In a previous post, I described 8 tips for an agent to properly transition their brand on Facebook. A client question to that article prompted this post design to illustrate a detail to avoid on Facebook when a brand transitions on Facebook. The detail to avoid may seem minor, but it is not. If improperly handled, the consequences put the agent into the category of making the #1 mistake salespeople make on Facebook. And, both the brokerage and the brand miss a significant branding opportunity, lost engagement, and dilute their Facebook influence.
To illustrate what not to do, consider this case study:
- Prudential Utah underwent a rebranding to Berkshire Hathaway HomeServices Utah and has a business page on Facebook that they need to reflect their new branding.
- Their agent, Realtor Jenny Roberts, has a personal Facebook profile that is linked to her brokers business page. Jenny is interested in making sure her profile is updated to reflect the new branding of her brokerage.
What agents SHOULDN’T do during a brokerage rebranding, is create a link to a new Facebook page that is reflective of the new brokerage name, as shown in this example. Although this is a *seemingly* logical solution to a brand transition on Facebook, this solution has undesirable consequences and should be avoided.
Here is what the agent did to clarify what to avoid. The agent edited her “Work and Education” section of her profile to reflect that she has a new brokerage name that she is working for. As the screenshot shows, her Facebook profile shows that she worked for Prudential Utah until June 2014, and then Berkshire Hathaway HomeServices Utah after that.
The issue is that when the agent does this, they are creating a link to a blank business page and visitors to the page will click through to a page that looks bland, with no additional information or positive branding going on:
Don’t do this! Instead, here is what SHOULD happen in order for the agent to have the new brokerage brand reflected on their profile:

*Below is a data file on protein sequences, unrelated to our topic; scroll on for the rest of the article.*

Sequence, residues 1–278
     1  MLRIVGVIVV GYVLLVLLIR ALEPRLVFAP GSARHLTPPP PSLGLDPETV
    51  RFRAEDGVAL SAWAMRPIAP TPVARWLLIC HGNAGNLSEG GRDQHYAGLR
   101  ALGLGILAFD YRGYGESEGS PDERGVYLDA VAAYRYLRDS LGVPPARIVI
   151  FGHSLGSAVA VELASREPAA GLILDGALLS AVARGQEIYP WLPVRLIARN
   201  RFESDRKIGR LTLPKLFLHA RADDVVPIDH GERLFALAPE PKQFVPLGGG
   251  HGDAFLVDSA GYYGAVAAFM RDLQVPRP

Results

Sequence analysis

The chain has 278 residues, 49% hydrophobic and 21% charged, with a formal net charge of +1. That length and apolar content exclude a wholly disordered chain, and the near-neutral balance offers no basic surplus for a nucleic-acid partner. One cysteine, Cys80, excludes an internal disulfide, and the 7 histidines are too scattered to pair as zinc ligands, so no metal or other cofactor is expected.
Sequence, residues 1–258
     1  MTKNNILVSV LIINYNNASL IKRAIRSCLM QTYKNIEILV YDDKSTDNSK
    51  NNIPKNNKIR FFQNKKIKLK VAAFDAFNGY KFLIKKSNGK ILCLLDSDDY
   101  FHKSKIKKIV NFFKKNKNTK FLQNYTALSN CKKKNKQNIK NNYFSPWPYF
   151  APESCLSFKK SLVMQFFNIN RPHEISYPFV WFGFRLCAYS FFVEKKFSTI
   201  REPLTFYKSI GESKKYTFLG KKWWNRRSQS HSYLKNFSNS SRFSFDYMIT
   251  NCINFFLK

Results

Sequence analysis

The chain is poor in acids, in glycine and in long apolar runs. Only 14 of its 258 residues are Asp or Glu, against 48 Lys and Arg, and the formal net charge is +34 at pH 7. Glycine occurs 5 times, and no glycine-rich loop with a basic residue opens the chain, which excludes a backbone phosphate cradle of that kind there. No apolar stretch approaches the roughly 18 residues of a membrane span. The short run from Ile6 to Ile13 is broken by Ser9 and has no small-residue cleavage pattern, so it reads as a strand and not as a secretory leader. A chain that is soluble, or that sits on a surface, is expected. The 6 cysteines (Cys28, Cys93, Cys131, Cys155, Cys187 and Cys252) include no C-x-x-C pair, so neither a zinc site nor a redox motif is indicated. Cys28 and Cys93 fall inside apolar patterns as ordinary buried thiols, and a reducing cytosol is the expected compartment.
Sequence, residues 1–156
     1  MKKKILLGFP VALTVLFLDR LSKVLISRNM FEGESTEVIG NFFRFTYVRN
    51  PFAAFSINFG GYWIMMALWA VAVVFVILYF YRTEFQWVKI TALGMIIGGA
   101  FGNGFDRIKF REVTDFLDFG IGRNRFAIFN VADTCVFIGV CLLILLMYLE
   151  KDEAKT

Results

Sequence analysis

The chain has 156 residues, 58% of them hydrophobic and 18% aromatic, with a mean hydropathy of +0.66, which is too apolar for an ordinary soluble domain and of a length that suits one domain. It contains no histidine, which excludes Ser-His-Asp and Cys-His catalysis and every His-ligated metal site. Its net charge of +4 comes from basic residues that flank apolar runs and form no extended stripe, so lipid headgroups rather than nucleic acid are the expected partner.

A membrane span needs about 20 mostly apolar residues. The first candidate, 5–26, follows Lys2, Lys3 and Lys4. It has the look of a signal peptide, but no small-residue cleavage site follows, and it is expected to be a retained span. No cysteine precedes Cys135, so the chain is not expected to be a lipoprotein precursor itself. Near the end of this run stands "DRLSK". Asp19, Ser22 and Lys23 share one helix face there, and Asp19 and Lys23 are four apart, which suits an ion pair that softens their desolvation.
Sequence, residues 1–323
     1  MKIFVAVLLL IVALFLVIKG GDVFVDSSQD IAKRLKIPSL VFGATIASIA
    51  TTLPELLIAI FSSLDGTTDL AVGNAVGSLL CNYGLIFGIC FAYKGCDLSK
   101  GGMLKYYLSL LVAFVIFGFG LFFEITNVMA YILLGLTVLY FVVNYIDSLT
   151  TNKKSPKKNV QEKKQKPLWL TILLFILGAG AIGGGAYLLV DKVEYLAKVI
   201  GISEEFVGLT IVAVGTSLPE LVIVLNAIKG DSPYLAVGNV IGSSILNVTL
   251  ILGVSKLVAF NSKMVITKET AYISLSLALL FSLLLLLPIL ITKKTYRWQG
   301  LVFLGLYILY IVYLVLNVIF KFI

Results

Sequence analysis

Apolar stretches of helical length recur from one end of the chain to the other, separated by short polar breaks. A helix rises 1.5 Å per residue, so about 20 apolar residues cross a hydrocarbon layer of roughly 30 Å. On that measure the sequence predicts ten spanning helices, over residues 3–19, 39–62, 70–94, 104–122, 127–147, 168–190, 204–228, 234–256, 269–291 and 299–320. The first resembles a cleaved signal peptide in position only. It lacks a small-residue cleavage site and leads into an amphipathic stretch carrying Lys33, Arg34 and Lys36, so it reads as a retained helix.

Do Nothing!* It’s as simple as that.
*This advice is assuming that the agent has properly linked to the brokerage page that is changing names, the agent should do nothing. (Note, this is a big assumption - again, verify that the agent is not guilty of the #1 mistake sales people make on Facebook).
Here is the thing to understand, the brokerage page administrator (likely a brokerage staff member) will handle the process of converting the brokerage page name from the old brand to the new brand. IF the agent profile is properly linked to the brokerage business page, when the brokerage page name changes, it will automatically be updated on the agents profile.
Here is a visual overview of this process using our case study:
Pre-brand transition, the agent profile links over to the proper business page of the brokerage and when a visitor to the agent's profile clicks on her brokerage name, it clicks through to the official page of the brokerage. Notice that the page name matches what is appearing on the agents profile, even though the branding of the page has been updated to the new BHHS Utah look and feel.
It is the responsibility of the broker to go through the process of changing the page name on Facebook. The process to update a business page name can take anywhere from a few seconds, to a few weeks, depending on the current Facebook rules and your fan count.
In our case study, because the fan count of the page is over 200 likes, the page name change had to be submitted to Facebook and it took some time to be approved (this is why the visual branding - which is flexible and easy to change out - has been updated, but the page name is still Prudential Utah. The brokerage had to wait for the page name to be approved and transitioned by Facebook). One day however, all page fans got this message:
And the page name was updated (also noteworthy is that the brokerage retains all its fans and didn’t have to start from scratch with a new page for the new brand):
Once the name of the brokerage page is changed, the agent’s profile was automatically updated as we can see on her profile:
See the difference? Option B (our Digital Do) creates a much more powerful brand impression than Option A (our Digital Don’t), and is the correct process for fueling engagement and lead generation on Facebook for both the agent and the brand:
Fixing the Don't
So what should an agent who has done what was illustrated in the don’t section do to correct it? Here is the process:
- Delete the work history that links to the new “blank” brokerage page in their Work and Education Section
- Confirm that they are linking to the current official page of the brokerage (even if the name hasn’t converted yet)
- WAIT for the name change of the brokerage page to be approved by Facebook knowing it will automatically update the brokerage name on their profile.
- [Optional] Edit the “description” field of the company position to describe that the company changed its name as of a particular date.
This is a detail that matters if you are an agent, and if you are brokerage undergoing a brand transition, this is a great post to share with your agents.
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